Gay Liberation Front at 50

Outrage plaque Highbury Fields

Seán McGovern, Project Manager of Islington’s Pride, tells the history of a monumental moment in British LGBTQ+ heritage, and how one demonstration in Highbury Fields changed the direction of history.

Fifty years ago, on a Friday evening, about 150 defiant members of the Gay Liberation Front (GLF) gathered in Highbury Fields. They were seething, enraged and fed up with the treatment of gay people by the police, in this case, an incident two days before involving a young man named Louis Eakes. Eakes had been arrested for importuning on Highbury Fields, a popular cruising spot at the time.  In contrast to the act of “cottaging” – procuring sex in a public toilet – importuning was a crime a person could be easily charged with. A man who smiled, winked or was just flirtatious with another man could be booked for importuning. Eakes was caught in a sting operation by the police – though Eakes maintained he was merely looking for a light for his cigarette. Eakes was arrested. When word made it to the GLF, the lack of evidence, combined with the sheer volume and frequency of arrests compelled the group to mobilise.

In 1967, homosexuality had been decriminalised for men over the age of 21, for consenting acts in private. As we all know, just because a law changes, doesn’t mean attitudes change overnight. Life in 1970s Britain was extremely hard for LGBT people, and gay men were a particular target of police hostility. The 150 GLF members at this organised demonstration, the first of its kind in Britain, carried candles and torches, held hands and kissed in protest as the police watched the procession take place. The seeds of what we now call Pride began as an act of protest, and while rights have expanded for LGBTQ+ people in Britain, the celebrations we have now must remain an act of defiance.

Gay Liberation Front demonstration (1972) - credit Clive Dixon REX Shutterstock

Lisa Power – activist, journalist, co-founder of Stonewall and former-Islingtonian, collected the histories of the GLF in her book ‘No Bath But Plenty of Bubbles – an oral history of the Gay Liberation Front 1970-1973’. Quoted in the book is Stuart Feather who attended the demonstration:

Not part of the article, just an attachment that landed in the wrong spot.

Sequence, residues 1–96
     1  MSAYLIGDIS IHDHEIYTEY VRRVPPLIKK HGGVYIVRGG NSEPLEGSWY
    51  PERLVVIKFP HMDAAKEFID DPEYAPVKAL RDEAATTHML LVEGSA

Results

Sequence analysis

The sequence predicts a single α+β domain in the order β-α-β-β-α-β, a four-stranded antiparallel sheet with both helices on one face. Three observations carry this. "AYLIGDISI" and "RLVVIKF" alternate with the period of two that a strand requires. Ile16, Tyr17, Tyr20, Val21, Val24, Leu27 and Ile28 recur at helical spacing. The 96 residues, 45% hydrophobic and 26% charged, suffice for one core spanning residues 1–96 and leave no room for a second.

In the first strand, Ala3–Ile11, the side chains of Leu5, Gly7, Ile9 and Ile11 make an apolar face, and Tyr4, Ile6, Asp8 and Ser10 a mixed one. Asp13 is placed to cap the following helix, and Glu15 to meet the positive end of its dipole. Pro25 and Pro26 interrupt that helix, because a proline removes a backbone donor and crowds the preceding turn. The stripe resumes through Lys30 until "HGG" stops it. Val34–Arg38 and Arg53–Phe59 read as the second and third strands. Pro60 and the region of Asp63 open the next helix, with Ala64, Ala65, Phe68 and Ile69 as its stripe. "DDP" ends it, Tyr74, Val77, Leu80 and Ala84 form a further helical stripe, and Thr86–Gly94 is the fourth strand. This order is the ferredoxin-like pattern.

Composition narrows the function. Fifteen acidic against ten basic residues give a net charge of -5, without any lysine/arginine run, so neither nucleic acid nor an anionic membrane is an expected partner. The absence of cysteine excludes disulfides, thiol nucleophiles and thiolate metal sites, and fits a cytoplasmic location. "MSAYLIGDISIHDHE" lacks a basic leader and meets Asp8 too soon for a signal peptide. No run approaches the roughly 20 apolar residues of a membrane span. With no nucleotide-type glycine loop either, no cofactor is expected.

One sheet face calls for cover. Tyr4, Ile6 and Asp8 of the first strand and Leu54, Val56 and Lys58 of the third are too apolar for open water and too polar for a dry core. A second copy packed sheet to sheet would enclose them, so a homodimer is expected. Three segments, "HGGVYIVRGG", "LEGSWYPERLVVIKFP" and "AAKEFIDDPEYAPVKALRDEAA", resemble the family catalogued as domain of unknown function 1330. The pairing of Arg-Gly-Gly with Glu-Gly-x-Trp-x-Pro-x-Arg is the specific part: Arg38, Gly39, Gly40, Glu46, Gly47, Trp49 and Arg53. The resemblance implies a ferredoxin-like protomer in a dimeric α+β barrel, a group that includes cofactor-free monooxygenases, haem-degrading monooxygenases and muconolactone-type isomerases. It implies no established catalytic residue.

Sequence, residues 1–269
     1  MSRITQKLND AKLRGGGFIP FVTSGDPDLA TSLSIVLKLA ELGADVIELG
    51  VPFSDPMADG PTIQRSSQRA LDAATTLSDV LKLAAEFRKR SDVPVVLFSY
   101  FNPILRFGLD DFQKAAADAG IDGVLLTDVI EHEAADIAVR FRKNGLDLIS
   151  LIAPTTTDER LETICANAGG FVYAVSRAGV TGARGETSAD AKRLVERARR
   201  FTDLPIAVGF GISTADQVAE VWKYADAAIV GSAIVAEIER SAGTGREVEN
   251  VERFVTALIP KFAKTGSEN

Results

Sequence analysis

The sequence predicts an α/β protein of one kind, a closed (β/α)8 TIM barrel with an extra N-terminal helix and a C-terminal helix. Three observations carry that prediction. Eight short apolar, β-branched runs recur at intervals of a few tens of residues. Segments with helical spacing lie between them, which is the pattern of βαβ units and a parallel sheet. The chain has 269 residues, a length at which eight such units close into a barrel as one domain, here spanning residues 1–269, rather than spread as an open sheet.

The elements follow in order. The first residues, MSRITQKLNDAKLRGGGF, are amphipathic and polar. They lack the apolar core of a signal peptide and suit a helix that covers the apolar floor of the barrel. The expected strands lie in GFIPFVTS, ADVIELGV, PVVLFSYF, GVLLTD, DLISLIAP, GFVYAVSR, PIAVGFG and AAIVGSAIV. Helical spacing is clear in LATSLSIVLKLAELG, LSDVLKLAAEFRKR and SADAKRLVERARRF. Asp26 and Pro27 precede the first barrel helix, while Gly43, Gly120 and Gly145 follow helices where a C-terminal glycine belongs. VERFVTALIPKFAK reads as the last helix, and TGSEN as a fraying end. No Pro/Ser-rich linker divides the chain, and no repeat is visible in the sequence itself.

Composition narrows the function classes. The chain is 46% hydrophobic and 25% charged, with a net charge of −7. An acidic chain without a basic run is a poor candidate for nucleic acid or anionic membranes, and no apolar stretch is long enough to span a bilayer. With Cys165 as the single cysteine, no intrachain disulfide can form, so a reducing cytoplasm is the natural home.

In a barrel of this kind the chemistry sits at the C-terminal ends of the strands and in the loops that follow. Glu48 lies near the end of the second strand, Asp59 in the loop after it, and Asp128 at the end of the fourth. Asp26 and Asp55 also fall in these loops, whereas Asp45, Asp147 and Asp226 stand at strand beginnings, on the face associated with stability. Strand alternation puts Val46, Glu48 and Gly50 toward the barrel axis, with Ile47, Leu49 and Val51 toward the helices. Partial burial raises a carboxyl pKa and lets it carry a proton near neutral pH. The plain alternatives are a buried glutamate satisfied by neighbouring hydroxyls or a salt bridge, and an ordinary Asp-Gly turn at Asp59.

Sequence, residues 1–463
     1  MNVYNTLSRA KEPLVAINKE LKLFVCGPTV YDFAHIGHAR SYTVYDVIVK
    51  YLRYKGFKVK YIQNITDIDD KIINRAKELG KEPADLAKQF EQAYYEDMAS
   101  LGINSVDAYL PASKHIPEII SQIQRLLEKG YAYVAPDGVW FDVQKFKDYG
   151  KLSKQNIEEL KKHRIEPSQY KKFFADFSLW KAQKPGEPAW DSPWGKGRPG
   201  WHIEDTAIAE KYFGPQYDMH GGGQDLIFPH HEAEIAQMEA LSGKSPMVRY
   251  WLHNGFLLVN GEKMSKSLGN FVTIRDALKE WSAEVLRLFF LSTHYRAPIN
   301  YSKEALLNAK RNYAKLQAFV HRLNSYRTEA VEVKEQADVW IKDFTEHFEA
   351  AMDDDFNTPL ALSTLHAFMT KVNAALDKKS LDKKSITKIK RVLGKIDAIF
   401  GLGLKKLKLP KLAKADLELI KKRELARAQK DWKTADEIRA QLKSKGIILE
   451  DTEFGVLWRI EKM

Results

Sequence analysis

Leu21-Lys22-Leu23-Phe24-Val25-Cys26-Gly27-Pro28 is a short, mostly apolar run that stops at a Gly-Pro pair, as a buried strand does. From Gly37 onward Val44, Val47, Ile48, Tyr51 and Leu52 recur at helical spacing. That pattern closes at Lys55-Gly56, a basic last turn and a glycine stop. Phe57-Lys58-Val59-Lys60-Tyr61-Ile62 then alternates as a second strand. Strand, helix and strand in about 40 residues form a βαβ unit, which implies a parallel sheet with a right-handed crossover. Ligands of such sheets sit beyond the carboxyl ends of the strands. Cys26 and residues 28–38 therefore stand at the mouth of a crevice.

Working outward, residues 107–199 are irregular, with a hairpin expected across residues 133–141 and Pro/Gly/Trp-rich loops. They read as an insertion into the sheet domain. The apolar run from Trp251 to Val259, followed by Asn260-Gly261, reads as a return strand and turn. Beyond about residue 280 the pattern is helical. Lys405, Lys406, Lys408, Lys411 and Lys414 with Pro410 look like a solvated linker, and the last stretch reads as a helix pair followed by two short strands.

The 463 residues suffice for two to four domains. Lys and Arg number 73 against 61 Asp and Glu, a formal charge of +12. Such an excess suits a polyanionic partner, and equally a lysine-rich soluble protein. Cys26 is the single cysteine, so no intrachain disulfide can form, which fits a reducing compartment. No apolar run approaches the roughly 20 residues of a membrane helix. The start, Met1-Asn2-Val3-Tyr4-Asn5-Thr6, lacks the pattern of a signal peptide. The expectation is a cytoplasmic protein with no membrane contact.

“It was dark and we all wandered round lighting each other’s cigarettes which was the action given in Police evidence against Eakes and then we kissed openly, which was extraordinary. It was an enormous release to be able to kiss and carry on.”

In the 90s, OutRage!, the LGBT resistance group committed to equality through agitation and non-violent direct action, erected a plaque on the toilets of where the infamous Eakes incident took place. The unveiling of the plaque was attended by Chris Smith MP, the first MP to openly come out as gay during his time as office, and Jeremy Corbyn MP, representing both parliamentary seats in Islington.

The plaque remains today, long after the conversion of original toilets, thanks to Terry Stacy, former leader of Islington Council, who rescued the plaque from a skip. It is prominently on display, and many passers-by are informed of Highbury Fields’ important place in LGBTQ+ history thanks to this plaque.

Islington’s Pride knows the importance of plaques – which is why 50 unique, interactive heritage plaques will be going up across the borough in February 2021. Islington, in many ways, is the cradle of the LGBTQ+ rights movement in the UK, in all its diverse, defiant and joyful ways. While we can’t mark the occasion in the way we would like in 2021, we’re ensuring our heritage remains for many years to come.

Go to to find out more, and @IslingtonsPride on Twitter for more regular updates. Islington’s Pride is a creation of Islington Council’s Heritage Team, and is funded by the National Lottery Heritage Fund.

Gay Pride March (1974) - Wiki Commons

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